Say you own an auto shop and someone searches for “getting rid of paint scratches” or something to that effect. Your FAQ section can answer their inquiry by talking about common remedies they can try at home, while simultaneously prompting them to come into your shop if the damage is too great for a simple touch up. Not only have you answered their question, you have also placed your company in their mind as a possible solution to their paint problem. You weren’t just trying to sell them on your services, which can turn a lot of visitors off. They don’t want to be sold to, they just want the information they were looking for. Your content has to give them that information and convince them that your company has even more to provide.
If your industry has its own terminology, why not create a glossary for your visitors? Educating your target audience makes it easier to communicate with them. Some keywords your site may be targeting are probably industry specific, but not well known to the general public. How do you get people using those terms to conduct searches? You teach them. Companies that work in technology, manufacturing, medical or any other industry that relies heavily on industry verbiage need to educate their website traffic in order to turn them into customers. Plus, those glossary pages can become entry points for your site. When someone searches for “definition of cloud computing,” your glossary can answer their question and direct them through to your site.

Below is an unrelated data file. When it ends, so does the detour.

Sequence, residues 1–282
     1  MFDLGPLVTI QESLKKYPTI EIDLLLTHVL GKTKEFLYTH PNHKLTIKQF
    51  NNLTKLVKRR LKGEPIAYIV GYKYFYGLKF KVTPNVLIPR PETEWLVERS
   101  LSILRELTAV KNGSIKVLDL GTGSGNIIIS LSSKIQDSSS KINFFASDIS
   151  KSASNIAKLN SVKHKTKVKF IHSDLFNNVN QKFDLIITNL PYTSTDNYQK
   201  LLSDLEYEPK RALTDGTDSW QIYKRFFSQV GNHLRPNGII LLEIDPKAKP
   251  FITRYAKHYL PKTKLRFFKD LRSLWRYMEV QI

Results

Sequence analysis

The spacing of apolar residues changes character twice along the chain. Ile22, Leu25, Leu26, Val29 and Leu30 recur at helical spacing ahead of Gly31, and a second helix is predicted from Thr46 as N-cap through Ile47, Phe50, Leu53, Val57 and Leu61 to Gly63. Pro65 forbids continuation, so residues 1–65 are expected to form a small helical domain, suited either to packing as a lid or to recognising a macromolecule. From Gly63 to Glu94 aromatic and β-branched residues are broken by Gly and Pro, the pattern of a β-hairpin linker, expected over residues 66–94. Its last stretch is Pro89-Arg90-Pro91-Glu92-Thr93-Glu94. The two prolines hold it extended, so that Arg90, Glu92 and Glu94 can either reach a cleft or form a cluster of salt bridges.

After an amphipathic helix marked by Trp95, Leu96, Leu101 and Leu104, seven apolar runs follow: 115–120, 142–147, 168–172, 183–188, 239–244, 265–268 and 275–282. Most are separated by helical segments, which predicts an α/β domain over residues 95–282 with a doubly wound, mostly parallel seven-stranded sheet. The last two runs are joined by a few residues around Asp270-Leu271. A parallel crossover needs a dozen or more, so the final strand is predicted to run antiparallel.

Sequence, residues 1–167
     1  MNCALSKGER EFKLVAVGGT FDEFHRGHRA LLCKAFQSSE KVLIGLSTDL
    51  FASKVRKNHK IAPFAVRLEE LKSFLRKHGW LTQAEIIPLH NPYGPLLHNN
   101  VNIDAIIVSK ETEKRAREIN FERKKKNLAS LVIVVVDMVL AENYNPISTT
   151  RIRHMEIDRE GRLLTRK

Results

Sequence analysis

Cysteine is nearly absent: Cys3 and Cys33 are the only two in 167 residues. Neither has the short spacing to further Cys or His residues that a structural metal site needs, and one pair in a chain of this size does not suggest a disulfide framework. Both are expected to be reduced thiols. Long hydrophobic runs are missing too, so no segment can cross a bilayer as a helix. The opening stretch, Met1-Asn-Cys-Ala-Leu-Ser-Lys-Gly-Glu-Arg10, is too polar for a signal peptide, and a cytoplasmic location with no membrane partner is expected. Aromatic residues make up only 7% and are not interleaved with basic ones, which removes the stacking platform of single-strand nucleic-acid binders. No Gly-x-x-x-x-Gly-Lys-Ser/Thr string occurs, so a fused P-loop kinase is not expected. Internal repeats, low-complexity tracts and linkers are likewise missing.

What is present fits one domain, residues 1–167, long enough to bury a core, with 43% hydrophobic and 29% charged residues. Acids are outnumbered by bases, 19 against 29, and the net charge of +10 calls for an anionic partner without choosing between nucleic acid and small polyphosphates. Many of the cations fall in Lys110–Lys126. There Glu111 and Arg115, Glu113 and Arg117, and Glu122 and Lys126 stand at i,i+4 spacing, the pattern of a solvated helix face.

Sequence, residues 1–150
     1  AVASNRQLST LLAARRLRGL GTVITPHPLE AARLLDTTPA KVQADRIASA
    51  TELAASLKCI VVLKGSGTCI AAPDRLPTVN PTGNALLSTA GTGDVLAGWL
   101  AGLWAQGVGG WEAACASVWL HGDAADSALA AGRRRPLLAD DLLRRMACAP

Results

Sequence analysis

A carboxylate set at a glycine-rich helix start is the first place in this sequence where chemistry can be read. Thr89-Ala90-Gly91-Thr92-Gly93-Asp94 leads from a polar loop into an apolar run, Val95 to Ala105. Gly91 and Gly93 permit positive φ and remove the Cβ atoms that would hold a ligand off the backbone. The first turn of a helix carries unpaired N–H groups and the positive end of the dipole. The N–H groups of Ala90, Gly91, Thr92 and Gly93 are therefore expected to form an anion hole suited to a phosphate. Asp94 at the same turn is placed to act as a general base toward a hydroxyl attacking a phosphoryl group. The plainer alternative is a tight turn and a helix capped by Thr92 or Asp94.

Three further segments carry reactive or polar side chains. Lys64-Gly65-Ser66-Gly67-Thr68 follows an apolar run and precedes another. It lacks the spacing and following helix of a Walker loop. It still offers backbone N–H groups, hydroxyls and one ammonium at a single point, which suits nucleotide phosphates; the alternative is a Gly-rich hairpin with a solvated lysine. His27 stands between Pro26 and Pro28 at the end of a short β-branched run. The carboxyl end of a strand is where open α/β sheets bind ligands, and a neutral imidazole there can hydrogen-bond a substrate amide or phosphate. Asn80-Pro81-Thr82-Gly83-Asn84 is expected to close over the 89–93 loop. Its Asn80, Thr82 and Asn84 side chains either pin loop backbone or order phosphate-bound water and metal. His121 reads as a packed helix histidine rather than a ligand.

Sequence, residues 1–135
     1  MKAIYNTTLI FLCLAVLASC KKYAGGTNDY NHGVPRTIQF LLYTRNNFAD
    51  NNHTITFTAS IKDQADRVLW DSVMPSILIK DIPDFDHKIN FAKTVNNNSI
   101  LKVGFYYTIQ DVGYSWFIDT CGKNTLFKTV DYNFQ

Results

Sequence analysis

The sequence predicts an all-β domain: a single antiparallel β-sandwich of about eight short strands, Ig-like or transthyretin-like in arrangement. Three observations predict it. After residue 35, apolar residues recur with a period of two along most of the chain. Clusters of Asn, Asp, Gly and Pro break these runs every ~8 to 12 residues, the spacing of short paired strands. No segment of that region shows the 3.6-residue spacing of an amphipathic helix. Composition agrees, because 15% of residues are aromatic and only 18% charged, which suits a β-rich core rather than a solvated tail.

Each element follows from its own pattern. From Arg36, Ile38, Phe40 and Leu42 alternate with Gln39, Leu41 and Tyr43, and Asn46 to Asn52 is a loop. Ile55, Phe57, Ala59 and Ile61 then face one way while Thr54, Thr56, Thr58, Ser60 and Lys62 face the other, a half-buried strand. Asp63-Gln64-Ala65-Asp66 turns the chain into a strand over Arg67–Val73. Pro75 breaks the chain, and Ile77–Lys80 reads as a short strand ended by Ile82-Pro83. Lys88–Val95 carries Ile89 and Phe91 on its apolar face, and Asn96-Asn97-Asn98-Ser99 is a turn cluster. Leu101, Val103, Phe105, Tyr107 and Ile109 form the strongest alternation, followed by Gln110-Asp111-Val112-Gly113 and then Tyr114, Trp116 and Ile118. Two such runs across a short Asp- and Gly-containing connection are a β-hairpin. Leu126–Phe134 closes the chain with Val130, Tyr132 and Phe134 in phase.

A common problem many sites have is that they break their content up and spread it across too many pages. Yes, your company might provide a dozen different services and you want to rank well in the search engines for each of them, but does each service need its own page? Say you run a boutique marketing firm.
One of your biggest draws is your social media management services. There are a lot of components that make up social media management – consulting, training, profile development, brand management and more. Do you give each one of these facets of social media management their own page of content? Are you going to be able to write enough quality content to justify those additional pages? Sometimes it is better to condense multiple pages of thin content into one or two pages of solid information.